The MACD indicator is, without question, one of the most powerful indicators that traders can readily incorporate into their strategies. The indicator can signal price reversals and offer insight into the market’s trading momentum, allowing investors to make profitable trades throughout the year.
This technical analysis tool is also surprisingly easy to use and leverage, making it one of the most popular indicators today. The MACD indicator’s settings can also be adapted to better fit specific trading strategies, making it an equally versatile and potent tool in a trader’s arsenal.
The MACD Indicator
The MACD indicator, also known as Moving Average Convergence Divergence, studies the relationship between two exponential moving averages to illustrate market momentum and price reversals. These Exponential Moving Averages (EMAs) periods are adapted to better fit a trader’s strategy, with the most common setting being a subtraction between a 26-period and 12-period EMAs.
A technical analysis tool plots the resulting MACD line alongside a signal line so traders can study their crossovers. If the MACD line crosses above the signal line, it indicates that the market is on an uptrend, and if it crosses below it, it points out a downward momentum. A histogram is also plotted to easily visualize the market’s momentum and any divergences between the MACD indicator and the price action.
Before we incorporate the MACD indicator into our technical analysis toolbox and strategies, let’s take a closer look at its components. That way, we’ll know which settings best adapt to our trading strategies and goals.
Moving Average Convergence Divergence
The moving average convergence divergence has four components: the MACD line, the Signal line, the Histogram, and the MACD zero line. Let’s quickly go over each of these MACD chart components and create a brief MACD definition we can use for our technical analysis needs. For simplicity’s sake, we’ll assume we’re using the traditional 26 and 12-period Exponential Moving Averages for our calculations.
MACD Signal Line
The MACD line is calculated by subtracting the 26-day EMA from the 12-day EMA, while the Signal line is a 9-day EMA of the MACD line. The signal line reacts slower to price changes and has a smoother curve and overall appearance. The signal line is an essential part of the MACD indicator and the corresponding histogram.
The MACD Histogram, on the other hand, serves as a visual representation of the gaps between the MACD and Signal line and is composed of multiple easy-to-see bars. Your charting tool subtracts a Signal line value from its matching MACD line value and turns the result into a green or red bar. The MACD histogram also has a zero line representing the center of the MACD indicator. This line allows the histogram to indicate positive and negative values, which occur when the MACD line crosses above or below the Signal line.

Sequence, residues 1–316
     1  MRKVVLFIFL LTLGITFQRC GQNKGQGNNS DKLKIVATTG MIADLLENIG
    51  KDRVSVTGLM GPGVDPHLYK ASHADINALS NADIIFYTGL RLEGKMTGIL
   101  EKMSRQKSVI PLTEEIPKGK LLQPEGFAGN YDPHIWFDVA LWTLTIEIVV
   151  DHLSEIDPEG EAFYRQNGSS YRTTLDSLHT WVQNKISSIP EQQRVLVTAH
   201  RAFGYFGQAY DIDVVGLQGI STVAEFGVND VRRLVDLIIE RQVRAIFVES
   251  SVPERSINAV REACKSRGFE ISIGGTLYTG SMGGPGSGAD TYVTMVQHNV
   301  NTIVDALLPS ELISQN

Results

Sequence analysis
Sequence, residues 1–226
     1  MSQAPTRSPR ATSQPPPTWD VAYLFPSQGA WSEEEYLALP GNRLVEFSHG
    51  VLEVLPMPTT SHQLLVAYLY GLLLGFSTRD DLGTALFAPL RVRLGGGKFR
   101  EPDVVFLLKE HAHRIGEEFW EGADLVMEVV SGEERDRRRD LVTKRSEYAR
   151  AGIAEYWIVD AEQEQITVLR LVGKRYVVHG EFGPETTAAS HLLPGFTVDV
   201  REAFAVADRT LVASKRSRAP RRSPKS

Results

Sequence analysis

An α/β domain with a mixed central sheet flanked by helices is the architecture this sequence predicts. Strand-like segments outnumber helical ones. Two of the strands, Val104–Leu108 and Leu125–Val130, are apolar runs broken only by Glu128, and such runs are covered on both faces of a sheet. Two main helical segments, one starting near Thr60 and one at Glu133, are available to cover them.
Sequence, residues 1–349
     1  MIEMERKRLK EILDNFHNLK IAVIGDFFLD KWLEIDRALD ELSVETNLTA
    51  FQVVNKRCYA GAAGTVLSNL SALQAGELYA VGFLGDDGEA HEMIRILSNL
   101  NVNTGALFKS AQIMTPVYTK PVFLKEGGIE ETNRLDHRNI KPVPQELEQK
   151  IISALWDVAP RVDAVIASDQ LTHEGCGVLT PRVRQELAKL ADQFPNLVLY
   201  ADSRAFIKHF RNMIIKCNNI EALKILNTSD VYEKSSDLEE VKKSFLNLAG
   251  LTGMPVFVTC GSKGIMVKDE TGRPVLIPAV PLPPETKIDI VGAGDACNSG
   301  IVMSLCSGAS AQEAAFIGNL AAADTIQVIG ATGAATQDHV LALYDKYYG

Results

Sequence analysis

Now that we know each of the MACD indicator’s components let us create a very brief, no-nonsense definition that we can use. Then, we’ll go over different ways to use the MACD indicator in our technical analysis.
The MACD, also known as Moving Average Convergence Divergence, is a trading reversal and momentum indicator. The indicator compares two exponential moving averages to predict profitable market turning points.
How To Use MACD Indicator
Learning how to use the MACD indicator is, thankfully, fairly simple. Traders will find that a MACD chart has many uses and can fit into numerous strategies with just a few settings adjustments. Most use it as a momentum and market reversal indicator, but we’ll also teach you how to use it as an entry and exit indicator. We’ll also review the MTF MACD indicator and how you can make profitable trades with a surprisingly high success rate.
As always, you’ll want to identify the overall market trend and support and resistance levels. Identifying the current market trend is easy enough: add a simple 200-day moving average, check the stock’s EPS (if applicable) and scan your MACD histogram for strong bearish, or bullish momentum. Next, you’ll want to track the price action and how it approaches resistance or support levels, as well as large body candles since they can indicate a future market reversal.
Candle patterns are, without question, a topic that is best thoroughly handled in their own article. To keep it brief, consider that strong, bold moves are better for shorting a position, whereas price action that slowly builds to resistance levels carries less momentum. If you notice that the price action inches towards resistance levels and registers higher highs and higher lows, it lacks the momentum we’re looking for. The opposite applies to long positions.